Persons With End-Stage Dementia May Have Difficulty in Receiving Hospice Care, “Washington Post” Reports

IV Holding Hands

Hospice stays for persons with FTD or other dementias could be harder to access through Medicare if their disease progression is classified as stable, the Washington Post reported in a recent article.

The Mar. 26 article explains the findings of a recent study that discovered that about five percent of hospice patients who have dementia are pulled from hospice when their condition appears to be stabilized. Such was the case for Jean Bishop, who was diagnosed with FTD at age 79. According to the Washington Post, Bishop was enrolled, discharged, and re-enrolled into hospice several times over a three-year period due to fluctuating changes in her condition status.

When her husband, Leonard Bishop, found her unresponsive in 2011 following a second discharge from hospice, he asked his children, “If they’re just going to discharge us again, should I even do this?” Jean died almost exactly six months after her third admission, the Post reported.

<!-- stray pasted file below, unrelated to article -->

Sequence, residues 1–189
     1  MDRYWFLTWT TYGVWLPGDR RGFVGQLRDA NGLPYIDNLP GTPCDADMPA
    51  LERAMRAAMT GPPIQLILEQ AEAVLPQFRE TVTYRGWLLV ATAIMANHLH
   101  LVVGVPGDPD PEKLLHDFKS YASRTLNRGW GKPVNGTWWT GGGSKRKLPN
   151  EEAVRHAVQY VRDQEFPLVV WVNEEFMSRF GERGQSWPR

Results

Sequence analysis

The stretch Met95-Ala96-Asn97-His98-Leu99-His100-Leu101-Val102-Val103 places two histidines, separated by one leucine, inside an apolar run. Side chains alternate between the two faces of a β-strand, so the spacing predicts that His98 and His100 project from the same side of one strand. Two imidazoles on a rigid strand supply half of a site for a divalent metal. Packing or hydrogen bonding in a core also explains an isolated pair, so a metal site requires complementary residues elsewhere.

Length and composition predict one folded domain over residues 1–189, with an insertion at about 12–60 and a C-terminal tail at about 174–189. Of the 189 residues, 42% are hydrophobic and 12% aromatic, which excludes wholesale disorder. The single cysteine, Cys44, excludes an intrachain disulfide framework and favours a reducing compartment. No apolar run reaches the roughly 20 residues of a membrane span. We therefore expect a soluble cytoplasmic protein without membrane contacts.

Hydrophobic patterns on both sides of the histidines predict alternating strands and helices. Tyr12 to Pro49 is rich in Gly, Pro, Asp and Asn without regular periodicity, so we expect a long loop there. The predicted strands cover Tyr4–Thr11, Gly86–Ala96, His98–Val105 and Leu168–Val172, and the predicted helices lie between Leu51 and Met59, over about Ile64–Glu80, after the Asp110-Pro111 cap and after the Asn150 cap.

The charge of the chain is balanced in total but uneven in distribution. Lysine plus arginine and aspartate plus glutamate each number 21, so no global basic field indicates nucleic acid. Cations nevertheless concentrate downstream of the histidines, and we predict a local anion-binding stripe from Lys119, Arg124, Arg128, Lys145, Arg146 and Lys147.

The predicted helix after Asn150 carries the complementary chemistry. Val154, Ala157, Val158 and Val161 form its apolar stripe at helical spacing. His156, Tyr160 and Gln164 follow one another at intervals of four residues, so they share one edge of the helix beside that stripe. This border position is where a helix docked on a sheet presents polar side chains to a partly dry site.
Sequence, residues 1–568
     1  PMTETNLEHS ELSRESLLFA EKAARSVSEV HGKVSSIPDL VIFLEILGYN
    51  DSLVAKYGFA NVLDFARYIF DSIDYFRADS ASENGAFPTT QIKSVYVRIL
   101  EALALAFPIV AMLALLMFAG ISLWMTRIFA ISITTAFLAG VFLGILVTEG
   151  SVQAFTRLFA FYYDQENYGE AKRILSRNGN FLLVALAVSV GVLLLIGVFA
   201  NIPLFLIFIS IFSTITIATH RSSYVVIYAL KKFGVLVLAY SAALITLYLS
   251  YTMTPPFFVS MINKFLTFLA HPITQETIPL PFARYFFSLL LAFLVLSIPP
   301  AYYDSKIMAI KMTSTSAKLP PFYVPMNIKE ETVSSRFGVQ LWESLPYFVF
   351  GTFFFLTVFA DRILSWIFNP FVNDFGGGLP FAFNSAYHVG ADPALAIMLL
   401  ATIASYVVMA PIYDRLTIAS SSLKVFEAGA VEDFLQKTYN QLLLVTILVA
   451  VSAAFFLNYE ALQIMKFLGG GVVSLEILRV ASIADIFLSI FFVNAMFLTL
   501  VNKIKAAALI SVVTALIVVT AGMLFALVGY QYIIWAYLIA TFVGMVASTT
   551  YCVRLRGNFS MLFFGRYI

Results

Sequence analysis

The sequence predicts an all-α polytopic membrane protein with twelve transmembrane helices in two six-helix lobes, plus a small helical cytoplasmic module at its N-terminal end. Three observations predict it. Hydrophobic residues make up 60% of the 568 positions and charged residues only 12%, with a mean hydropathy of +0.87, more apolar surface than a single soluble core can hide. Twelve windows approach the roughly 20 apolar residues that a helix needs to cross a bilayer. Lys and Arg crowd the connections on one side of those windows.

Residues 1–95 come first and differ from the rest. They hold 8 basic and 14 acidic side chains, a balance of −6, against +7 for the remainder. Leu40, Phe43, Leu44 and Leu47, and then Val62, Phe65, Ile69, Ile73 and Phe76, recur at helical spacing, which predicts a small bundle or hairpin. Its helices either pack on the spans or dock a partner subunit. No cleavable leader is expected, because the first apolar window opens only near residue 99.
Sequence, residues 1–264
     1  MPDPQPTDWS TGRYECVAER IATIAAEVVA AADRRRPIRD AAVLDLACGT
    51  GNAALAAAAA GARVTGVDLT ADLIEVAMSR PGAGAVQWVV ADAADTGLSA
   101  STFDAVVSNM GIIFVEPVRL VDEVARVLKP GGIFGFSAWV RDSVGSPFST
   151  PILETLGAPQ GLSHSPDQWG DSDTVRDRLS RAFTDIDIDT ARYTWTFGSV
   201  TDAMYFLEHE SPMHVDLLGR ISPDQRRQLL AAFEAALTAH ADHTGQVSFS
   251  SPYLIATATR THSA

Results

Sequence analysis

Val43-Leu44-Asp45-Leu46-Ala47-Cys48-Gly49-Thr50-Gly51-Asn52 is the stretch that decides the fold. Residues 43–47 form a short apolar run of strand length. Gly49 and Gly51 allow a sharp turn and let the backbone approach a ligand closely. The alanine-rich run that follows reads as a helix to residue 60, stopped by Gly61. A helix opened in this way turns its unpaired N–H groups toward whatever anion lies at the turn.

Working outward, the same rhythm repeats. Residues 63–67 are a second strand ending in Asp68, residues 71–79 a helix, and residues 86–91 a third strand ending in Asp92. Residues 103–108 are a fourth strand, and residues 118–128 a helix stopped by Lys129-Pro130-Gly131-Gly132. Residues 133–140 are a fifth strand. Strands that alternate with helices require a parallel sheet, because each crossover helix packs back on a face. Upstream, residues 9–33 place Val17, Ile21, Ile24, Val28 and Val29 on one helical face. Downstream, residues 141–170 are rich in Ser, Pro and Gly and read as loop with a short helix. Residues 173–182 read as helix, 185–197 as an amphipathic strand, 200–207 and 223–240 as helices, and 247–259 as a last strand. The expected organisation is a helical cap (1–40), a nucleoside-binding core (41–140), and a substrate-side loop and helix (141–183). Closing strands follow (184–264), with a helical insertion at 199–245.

When Medicare’s hospice benefit was created in 1982, it capped the definition of terminal illness at six months to live. The current regulations aren’t working as intended for many who live with dementia, the Post article suggests. Most of the early hospice users had cancer, but that has since changed. According to this study, about half of hospice enrollees have dementia, and it can be difficult to determine when persons with dementia only have six months to live.

“What makes sense is to have a different type of program that allows for a larger prognostic window, but that would also reimburse less than hospice does,” said Claire Ankuda, a palliative care physician and researcher at Mount Sinai.

Health Services researcher and former hospice medical director Joan Teno told the Post that “we need to update the payment models, and especially hospice, to really reflect this changing disease trajectory of an aging society. What I’d rather see is some flexibility.”

Read the full Washington Post article here.

Stay Informed


Sign up now and stay on top of the latest with our newsletter, event alerts, and more…